Does your knee feeling like its giving way or catching when you are walking?
The knee is a complex joint consisting of a capsule, ligaments, cartilage, tendons, and bony surfaces that keep the femur aligned with the tibia. The Posterolateral Corner (PLC) of the knee is an inherently important component in both knee function and stability. The PLC of the knee has 28 components of which each has a critical role in preventing hyperextension and varus (or outwardly directed) forces through the knee. An isolated injury to the PLC is uncommon, more likely this injury is coupled with ligamentous injuries such as the dreaded ACL, PCL injuries or tibial plateau fractures. Early diagnosis and management of this condition is key to successful repair or reconstruction if it is required. When surgery is not required, the benefit of conservative management is dependent on the severity and timing of the injury. The need for surgery or convective management will be best determined by a practitioner.
Anatomy of the knee:
The PLC is crucial to the stability of the knee at angles of less than 45° knee flexion (bending) during weight-bearing. The three most important structures of the PLC includes the popliteus tendon, popliteofibular ligament and fibular collateral ligament.
- The Popliteus tendon acts as a static and dynamic stabiliser against knee external rotation.
- The Popliteofibular ligament assists with resisting varus stress and is considered the primary restraint for external rotation forces at the knee. It is regarded as a crucial stabiliser to the PLC and is typically surgically reconstructed when torn.
- The Fibular collateral ligament From 0-30 degrees knee flexion the primary static stabiliser to varus opening.
Other structures which are important to consider are the posterolateral joint capsule, coronary ligament, oblique popliteal ligament and fabellofibular ligament also contribute to static stability of the PLC. Many of the static stabilising ligaments are a thickening of the capsule. The posterolateral joint capsule surrounds the knee like a blanket which the ligaments support.
The most common cause of a PLC injury is driven by a sports-related trauma, motor vehicle accident or a fall. The PLC is commonly injured with other ligamentous injuries of the knee, which can occur through knee hyperextension, external rotation and varus rotation. This can occur through knee dislocation or backwards directed force to the tibia.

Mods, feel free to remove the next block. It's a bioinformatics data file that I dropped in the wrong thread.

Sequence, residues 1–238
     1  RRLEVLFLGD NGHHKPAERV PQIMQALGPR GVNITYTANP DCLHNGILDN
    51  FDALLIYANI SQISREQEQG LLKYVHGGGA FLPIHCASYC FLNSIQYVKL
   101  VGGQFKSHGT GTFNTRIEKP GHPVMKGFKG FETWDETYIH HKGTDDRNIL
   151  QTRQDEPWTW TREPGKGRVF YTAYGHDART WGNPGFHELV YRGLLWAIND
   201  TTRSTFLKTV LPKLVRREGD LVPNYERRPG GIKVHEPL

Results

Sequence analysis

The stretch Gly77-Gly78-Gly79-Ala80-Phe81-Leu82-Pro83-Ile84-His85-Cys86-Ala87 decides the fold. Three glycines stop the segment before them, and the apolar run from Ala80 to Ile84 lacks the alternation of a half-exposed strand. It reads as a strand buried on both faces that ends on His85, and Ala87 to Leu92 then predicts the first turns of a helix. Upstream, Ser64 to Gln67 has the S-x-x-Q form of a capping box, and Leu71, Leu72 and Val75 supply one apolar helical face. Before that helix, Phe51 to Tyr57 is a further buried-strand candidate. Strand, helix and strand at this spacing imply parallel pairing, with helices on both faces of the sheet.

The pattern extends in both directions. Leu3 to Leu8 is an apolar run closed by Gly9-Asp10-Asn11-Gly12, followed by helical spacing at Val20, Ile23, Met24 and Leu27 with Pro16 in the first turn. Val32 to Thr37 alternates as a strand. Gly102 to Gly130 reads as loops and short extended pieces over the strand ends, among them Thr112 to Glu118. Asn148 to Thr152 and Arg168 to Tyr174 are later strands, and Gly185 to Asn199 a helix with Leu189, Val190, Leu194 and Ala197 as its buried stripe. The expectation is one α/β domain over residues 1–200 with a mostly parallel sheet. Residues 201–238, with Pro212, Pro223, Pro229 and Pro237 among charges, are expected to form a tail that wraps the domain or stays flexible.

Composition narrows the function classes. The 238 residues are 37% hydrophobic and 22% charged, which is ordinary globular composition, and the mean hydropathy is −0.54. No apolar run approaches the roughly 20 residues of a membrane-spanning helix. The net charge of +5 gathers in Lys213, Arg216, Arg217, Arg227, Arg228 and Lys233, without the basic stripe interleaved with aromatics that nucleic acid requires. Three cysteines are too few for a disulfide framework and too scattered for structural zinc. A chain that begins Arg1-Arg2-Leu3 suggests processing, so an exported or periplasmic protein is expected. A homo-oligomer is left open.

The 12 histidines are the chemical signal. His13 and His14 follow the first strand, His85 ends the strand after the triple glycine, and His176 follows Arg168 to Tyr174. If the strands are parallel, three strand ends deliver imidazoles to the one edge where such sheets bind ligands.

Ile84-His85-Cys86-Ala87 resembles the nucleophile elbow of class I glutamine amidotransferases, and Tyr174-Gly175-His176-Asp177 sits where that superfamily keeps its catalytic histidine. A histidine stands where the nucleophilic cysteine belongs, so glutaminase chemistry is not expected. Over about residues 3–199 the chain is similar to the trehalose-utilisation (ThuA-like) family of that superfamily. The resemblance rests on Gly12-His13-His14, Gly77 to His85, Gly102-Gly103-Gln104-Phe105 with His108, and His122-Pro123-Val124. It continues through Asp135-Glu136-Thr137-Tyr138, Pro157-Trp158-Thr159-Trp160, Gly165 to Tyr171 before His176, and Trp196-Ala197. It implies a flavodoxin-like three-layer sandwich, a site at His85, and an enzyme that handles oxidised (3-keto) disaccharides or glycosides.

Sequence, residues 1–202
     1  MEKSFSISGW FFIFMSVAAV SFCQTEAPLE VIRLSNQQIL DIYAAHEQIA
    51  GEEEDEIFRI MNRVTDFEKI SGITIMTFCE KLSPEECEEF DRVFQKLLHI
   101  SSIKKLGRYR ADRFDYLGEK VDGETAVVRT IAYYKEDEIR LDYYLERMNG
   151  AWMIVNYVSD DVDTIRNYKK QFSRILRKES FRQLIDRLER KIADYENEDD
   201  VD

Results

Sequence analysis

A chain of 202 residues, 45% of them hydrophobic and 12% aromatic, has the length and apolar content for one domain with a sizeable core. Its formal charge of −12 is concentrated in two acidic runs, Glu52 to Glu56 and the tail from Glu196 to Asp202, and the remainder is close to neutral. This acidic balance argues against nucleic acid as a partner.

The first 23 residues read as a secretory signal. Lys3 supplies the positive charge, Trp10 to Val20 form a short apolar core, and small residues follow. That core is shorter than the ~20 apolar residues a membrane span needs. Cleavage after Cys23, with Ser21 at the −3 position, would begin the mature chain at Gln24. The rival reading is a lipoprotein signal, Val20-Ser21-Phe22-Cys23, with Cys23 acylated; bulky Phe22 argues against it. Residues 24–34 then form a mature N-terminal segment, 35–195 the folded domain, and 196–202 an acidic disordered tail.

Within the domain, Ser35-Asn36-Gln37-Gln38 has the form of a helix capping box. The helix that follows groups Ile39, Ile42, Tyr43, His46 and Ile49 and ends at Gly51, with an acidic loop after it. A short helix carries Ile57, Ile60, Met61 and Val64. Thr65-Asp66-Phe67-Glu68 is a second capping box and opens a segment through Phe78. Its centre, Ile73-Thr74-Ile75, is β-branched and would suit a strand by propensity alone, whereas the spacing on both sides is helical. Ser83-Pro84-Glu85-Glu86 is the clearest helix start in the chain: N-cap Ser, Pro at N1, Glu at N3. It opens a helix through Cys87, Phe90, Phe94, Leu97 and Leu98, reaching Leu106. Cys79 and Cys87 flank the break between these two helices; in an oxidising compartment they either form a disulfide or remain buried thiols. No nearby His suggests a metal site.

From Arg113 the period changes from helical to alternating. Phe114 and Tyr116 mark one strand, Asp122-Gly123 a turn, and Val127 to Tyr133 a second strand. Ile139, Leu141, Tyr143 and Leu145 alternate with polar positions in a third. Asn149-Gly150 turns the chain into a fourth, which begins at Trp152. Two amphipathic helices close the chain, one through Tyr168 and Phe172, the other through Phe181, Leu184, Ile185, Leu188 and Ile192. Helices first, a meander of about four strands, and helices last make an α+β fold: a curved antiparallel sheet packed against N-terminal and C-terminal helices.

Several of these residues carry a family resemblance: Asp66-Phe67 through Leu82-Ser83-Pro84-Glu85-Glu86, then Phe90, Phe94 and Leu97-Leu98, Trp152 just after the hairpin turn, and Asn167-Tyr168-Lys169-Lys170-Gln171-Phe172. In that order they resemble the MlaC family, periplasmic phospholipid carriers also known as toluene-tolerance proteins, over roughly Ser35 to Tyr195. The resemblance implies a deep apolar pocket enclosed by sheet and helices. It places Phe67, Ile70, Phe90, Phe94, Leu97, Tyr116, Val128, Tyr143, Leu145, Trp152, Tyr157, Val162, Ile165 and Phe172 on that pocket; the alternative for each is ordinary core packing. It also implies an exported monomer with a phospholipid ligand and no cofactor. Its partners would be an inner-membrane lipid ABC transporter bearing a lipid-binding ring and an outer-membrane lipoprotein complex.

The resulting instability of the knee is one of the key determinants of severity in a PLC injury. Instability in the knee commonly presents as the feeling of giving way, collapsing, painful clicking to clunking. Acutely an individual would typically complain of pain and swelling in the back and outside of the knee (posterolateral aspect). Once swelling and pain have subsided, symptoms of instability may be more evident, for example: buckling of the knee into hyperextension and varus when standing.
A PCL injury may also be accompanied by neurological compromise to the peroneal nerve which provides sensation and motor control to the outside of the calf. This has been reported in 30% in patients. This likely indicated an increased grade of ligamentous injury, as this type of deficit is commonly seen with disruption of the LC ligament and biceps femoris muscle tendon. Neurological symptoms from peroneal nerve injury include numbness, weakness or pins and needles. Chronic injuries of the PLC may present with inside or outside joint line pain with associated posterolateral pain. Knee extension (straightening) typically brings on instability symptoms such as locking and catching. Patients frequently feel knee hyperextension or locking with ascending and descending the stairs, and during a sport, movements that elicits symptoms of giving way include twisting, pivoting or cutting. Instability can occur in an acute injury or may develop over time with suffers from gene vacuum or concomitant cruciate ligament injuries.
The treatment for PLC injuries is governed by the timing of the injury and severity. Grade I and moderate grade II can be treated conservatively with favourable results (explained in the diagram above - Hughston Laxity classification). However, surgical management of more severe grade II and all grade III injuries of the PLC is recommended, as non-operative management has led to poor functional outcomes. This includes residual laxity (loose muscle or limb) and progression to articular cartilage and meniscal degeneration. If surgery is deemed necessary then early intervention is crucial. Surgery is generally more successful in acute injury.